Also known as crowdsourcing, these challenges are being pushed by HHS, ONC, even the Surgeon General has held a developer contest, all aiming to spark innovation.
Indeed, such innovation historically has been difficult to reach in the healthcare realm, said Jim Hansen, vice president and executive director of Dossia Consortium, a nonprofit open-source personal health record service developed by a group of Fortune 500 employers.
Monday - 2/27/2012, 9:00am ET
The Department of Veterans Affairs has issued a stop-work order on a key component of the integrated electronic health record system it is developing with the Defense Department.
Virginia-based ASM Research was awarded the contract to build a central hub that would let the agencies incorporate private-sector products more easily into the combined system.
VA assistant secretary for information and technology and chief information officer Roger Baker called it the "heart" of the integrated electronic health record (iEHR) system.
By Bernie Monegain, Editor
WASHINGTON – A new study by the Deloitte Center for Health Solutions indicates physicians are not using IT broadly to engage patients. No more than 20 percent of doctors are providing online scheduling or test results for their patients and just 6 percent are using social media to communicate with them, according to Deloitte.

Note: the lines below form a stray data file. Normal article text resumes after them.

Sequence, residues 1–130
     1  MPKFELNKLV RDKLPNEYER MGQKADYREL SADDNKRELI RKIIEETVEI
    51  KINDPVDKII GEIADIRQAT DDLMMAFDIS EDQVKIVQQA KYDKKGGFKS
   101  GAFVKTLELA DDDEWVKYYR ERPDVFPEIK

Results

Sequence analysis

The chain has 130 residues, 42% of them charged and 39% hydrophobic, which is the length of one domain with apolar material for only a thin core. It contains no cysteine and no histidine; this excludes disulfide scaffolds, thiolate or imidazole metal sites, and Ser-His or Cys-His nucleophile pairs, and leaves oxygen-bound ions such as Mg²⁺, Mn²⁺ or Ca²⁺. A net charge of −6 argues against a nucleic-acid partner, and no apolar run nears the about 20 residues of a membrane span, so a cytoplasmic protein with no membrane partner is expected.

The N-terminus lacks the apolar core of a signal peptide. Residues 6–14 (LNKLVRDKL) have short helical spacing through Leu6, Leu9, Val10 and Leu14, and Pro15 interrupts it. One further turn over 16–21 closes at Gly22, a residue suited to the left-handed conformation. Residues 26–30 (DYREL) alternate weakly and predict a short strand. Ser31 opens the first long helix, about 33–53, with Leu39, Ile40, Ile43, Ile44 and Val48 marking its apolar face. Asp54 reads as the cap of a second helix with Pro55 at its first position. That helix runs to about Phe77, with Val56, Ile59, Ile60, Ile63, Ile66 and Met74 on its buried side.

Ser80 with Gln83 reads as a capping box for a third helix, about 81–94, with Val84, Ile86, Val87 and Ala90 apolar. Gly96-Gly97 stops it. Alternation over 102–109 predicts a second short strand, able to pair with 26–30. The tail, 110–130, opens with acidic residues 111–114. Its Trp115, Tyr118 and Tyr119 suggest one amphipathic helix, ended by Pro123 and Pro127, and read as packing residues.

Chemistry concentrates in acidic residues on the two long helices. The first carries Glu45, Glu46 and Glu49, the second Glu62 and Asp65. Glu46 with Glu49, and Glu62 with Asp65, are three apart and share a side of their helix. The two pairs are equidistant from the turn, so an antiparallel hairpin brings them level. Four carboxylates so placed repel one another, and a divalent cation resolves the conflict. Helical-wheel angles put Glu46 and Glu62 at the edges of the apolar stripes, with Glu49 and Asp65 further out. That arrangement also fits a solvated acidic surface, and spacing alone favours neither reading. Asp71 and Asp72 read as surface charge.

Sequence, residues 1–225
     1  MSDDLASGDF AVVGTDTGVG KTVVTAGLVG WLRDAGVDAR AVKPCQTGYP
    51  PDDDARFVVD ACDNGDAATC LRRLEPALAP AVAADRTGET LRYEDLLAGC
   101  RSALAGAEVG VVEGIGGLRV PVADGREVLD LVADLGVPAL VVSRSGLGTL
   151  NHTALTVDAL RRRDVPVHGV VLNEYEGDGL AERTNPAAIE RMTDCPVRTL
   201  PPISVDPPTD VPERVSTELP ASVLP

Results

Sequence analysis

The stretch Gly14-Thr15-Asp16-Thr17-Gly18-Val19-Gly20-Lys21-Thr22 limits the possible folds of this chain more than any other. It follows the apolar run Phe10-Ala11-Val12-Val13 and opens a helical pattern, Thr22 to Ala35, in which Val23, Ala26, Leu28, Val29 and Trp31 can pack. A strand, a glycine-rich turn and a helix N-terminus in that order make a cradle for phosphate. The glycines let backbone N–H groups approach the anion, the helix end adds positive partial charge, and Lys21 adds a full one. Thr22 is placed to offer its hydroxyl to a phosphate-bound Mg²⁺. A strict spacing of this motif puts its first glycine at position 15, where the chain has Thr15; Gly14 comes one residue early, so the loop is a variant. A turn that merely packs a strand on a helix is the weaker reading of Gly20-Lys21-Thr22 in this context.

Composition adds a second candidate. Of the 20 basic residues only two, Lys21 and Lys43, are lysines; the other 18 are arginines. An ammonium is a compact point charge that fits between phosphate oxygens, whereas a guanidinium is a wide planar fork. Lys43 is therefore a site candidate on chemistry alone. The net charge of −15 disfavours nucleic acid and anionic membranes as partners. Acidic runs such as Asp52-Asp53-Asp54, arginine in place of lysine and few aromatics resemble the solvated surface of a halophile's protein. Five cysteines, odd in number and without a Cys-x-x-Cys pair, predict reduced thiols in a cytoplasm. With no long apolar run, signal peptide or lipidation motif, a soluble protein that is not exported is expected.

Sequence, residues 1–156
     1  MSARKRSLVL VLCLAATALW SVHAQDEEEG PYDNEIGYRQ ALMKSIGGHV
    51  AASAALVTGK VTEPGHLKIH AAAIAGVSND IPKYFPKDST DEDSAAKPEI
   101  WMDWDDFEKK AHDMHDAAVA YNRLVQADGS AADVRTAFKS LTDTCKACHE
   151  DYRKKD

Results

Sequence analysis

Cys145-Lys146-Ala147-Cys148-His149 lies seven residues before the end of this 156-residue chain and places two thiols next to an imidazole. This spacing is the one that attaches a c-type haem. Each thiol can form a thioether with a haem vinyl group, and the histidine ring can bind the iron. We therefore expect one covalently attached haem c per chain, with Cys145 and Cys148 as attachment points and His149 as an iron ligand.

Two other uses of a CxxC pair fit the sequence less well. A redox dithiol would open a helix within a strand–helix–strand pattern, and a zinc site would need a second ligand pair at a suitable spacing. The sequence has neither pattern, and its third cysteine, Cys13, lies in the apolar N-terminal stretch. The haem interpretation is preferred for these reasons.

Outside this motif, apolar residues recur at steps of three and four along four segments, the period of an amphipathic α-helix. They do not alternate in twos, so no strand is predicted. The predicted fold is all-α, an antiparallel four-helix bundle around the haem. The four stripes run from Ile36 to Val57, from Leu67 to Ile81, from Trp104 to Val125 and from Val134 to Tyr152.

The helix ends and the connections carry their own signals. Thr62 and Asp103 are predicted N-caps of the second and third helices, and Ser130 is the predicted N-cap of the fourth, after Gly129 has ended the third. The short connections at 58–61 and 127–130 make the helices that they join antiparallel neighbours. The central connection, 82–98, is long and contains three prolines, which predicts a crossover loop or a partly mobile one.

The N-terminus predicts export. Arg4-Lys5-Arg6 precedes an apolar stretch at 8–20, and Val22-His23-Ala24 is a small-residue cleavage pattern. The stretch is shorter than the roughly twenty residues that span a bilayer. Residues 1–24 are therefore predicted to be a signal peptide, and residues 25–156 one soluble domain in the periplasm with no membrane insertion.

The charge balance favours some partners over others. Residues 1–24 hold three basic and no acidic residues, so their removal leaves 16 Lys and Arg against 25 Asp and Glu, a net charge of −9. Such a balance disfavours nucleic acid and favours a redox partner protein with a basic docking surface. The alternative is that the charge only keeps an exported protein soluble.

The report, “Physician Perspectives on Health Information Technology,” shows that measured against the IT goals and deadlines prescribed by the Patient Protection and Affordable Care Act, only 25 percent of physicians are “on target” to meet the meaningful use incentives.
This article appears in the February 2012 issue of HealthLeaders magazine.
Millions of dollars continue to flow from Washington, DC, to communities across the country in the form of grants to so-called Beacon Communities, intended to serve as pilots and role models for how health information technology can be used to improve quality and care coordination. The federal government announced recently the award of $220 million to another 15 communities, and earlier recipients are reporting that the money can make a difference.